The Guest Room

 Everyday Life, Light  Comments Off on The Guest Room
Feb 202018

From a recent stay in my mother’s home, where I always take pleasure in the play of light.

[Click on any image to view large as a slideshow.]

 Posted by at 10:53 am  Tagged with:
Feb 282014

Three Vases ©2014 April Siegfried

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Sunlight changes so quickly. This moment made me stop, and then run for my camera—adjusting settings on the fly. There was no time for a tripod setup.

On first review, I was dismayed to see that even at f11—the best exposure I could capture handheld—focus on the foreground vases was soft. Then I realized what actually caught my eye was the background shadow and light, and that is sharp. Yes!

This camera has been my best friend for 6 years now, and is showing some signs of age. I know it so well I can shoot without thinking, and it’s going to be hard to move to a new system. However, the Fuji XT-1 sounds very appealing and would bring me full circle to my first love affair with digital: Fujifilm FinePix E900 (dating back to 2006). I still have that one, though it was re-purposed for a “shoebox camera” in 2009.


Nikon D300; 1/15 sec @ f11, ISO 3200 (handheld);
18-200 mm f/3.5–5.6 @ 112mm (168mm EFL); focus distance 1.5m

May 212013

Enjoying the light thrown by a green glass vase received from my husband for my birthday. It’s not just for flowers!

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Jul 062012

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I’m in Boulder, Colorado right now for another Miksang workshop. Yesterday, my husband and I moved up to the place we’re staying in the mountains. This was one sight which greeted me this morning. 🙂

Nikon D300; 1/180 sec @ f11, ISO 200 (handheld);
81-200 mm f/3.5–5.6 @ 65mm (97mm EFL); focus distance 3.16m

May 092012

Spring Light
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Nikon D300; f11 @ 1/350 sec, ISO 200 (handheld);
70-300 mm f/4.5-5.6 @ 220mm (330mm EFL); focus distance 1.68m

Prairie Fire
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Nikon D300; f9.5 @ 1/125sec, ISO 3200 (handheld);
70-300 mm f/4.5-5.6 @ 165mm (247m EFL); focus distance 1.68m

“Dappled light” sounds pretty, doesn’t it? But high contrast and hard shadows have led me to dismiss it in favor of photographing subjects under soft, even lighting…

Until last month, during the Callway Gardens workshop, when a participant opened my eyes to possibilities I’d been ignoring. She was photographing the color and reflections of azaleas along a riverbank, playing with impressionist ripples in the water. What especially struck me, however, was the way she’d been drawn to one particular mound of blossoms spotlit by sunshine through a break in the surrounding trees. Ah-hah.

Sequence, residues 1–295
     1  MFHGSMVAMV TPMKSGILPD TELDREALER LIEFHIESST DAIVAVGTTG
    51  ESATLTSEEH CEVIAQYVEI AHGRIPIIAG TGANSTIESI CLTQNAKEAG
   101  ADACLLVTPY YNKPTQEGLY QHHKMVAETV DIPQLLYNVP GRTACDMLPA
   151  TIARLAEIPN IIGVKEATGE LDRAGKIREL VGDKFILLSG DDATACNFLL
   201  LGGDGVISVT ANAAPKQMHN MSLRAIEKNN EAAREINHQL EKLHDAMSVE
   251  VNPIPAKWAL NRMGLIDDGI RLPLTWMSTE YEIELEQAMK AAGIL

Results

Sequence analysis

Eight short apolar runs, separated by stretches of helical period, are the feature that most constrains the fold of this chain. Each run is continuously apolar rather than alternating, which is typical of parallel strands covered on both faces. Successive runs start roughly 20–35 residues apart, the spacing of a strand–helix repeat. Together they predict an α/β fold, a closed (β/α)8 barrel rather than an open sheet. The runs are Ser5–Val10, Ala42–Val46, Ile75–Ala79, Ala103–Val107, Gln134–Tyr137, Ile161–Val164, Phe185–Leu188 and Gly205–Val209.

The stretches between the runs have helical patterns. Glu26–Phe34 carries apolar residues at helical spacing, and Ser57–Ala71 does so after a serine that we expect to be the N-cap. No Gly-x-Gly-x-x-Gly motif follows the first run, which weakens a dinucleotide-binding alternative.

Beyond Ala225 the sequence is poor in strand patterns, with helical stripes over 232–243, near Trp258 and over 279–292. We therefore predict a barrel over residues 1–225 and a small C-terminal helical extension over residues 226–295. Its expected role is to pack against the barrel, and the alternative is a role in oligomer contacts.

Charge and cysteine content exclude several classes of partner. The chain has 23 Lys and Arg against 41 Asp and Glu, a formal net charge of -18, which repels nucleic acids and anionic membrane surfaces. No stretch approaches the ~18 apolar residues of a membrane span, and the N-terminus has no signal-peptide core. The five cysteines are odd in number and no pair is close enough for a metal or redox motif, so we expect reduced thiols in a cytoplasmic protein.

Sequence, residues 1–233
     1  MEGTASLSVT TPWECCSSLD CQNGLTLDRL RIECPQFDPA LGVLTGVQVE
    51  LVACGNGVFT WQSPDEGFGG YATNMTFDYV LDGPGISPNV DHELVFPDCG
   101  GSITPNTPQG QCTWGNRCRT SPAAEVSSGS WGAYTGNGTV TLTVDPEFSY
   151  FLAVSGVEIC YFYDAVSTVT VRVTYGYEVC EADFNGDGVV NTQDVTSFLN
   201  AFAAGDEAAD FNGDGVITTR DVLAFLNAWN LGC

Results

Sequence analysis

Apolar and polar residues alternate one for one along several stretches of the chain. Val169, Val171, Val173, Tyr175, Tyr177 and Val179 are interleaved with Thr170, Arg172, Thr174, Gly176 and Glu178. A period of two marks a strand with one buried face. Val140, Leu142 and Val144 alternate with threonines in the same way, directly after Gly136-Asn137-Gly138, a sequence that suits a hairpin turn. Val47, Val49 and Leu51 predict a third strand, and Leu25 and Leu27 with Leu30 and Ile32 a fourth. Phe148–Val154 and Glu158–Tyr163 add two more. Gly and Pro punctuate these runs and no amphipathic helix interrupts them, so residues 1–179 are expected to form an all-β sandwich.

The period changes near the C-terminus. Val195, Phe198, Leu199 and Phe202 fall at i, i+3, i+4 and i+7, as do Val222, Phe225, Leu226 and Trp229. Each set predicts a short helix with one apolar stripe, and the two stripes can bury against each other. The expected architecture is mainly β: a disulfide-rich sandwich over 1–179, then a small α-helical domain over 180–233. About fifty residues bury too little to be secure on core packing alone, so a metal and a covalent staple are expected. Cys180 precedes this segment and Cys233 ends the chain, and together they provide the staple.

Thank you, for showing me the light!

Apr 122012

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Photographed in Callaway Gardens, the variation below was shot just one minute earlier.

Nikon D300; f11 @ 1/125 sec, ISO 400 (handheld);
70-300 mm f/4.5-5.6 @ 300mm (450mm EFL); focus distance 1.68m

Feb 122012

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Today I landed on a site called The Quiet Place. Go ahead, take a peek. The link will open in a new window/tab; I’ll wait… 🙂

In that Quiet Place, gazing out my window and trying to do absolutely nothing, I thought “Don’t even look for a photo.”

Then this appeared.

Nikon D300; f8 @ 1/125 sec, ISO 320 (handheld);
18.0-200.0 mm f/3.5-5.6 @ 200mm (300mm EFL); focus distance 14.96m

May 282011

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With the forecast calling for partly cloudy skies, I decided to visit the Chicago Botanic Garden. Wouldn’t you know,  it turned severely clear instead! So I focused on the assignment “light” from The Practice of Contemplative Photography.

This was photographed in the Sensory Garden, which “celebrates fragrances, sounds, colors, textures, and movement.” Taking pictures was a great excuse to spend a lot of time in those surroundings.

Nikon D300; f8 @ 1/500 sec, ISO 200 (handheld);
18.0-200.0 mm f/3.5-5.6 @ 200mm (300mm EFL); focus distance 2.66m

Feb 262011

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I love the Neotec tripod.

Walking upstairs the other evening in our home, I was stopped by color in this scene. Light from the setting sun was changing rapidly, so I ran down to grab my camera which was already mounted on the tripod with a cable release attached. It took no time to find the right vantage point and set the legs on different steps. Even working that quickly, there was time for only two exposures before the moment was gone.

Noise was a problem during post-processing, despite in-camera long-exposure noise reduction. I exposed for highlights to capture the window as I saw it—spot meter +2EV—and let shadows fall where they may. In hindsight, to “expose right” even further and darken later would have been a better approach. Then, however, I’d have to rely on memory as a reference and try not to fall into the trap of opening everything up for detail.

Nikon D300; f9.5 @ 20sec, ISO 200 (tripod);
18.0-200.0 mm f/3.5-5.6 @ 44mm (66mm EFL); focus distance 5.96m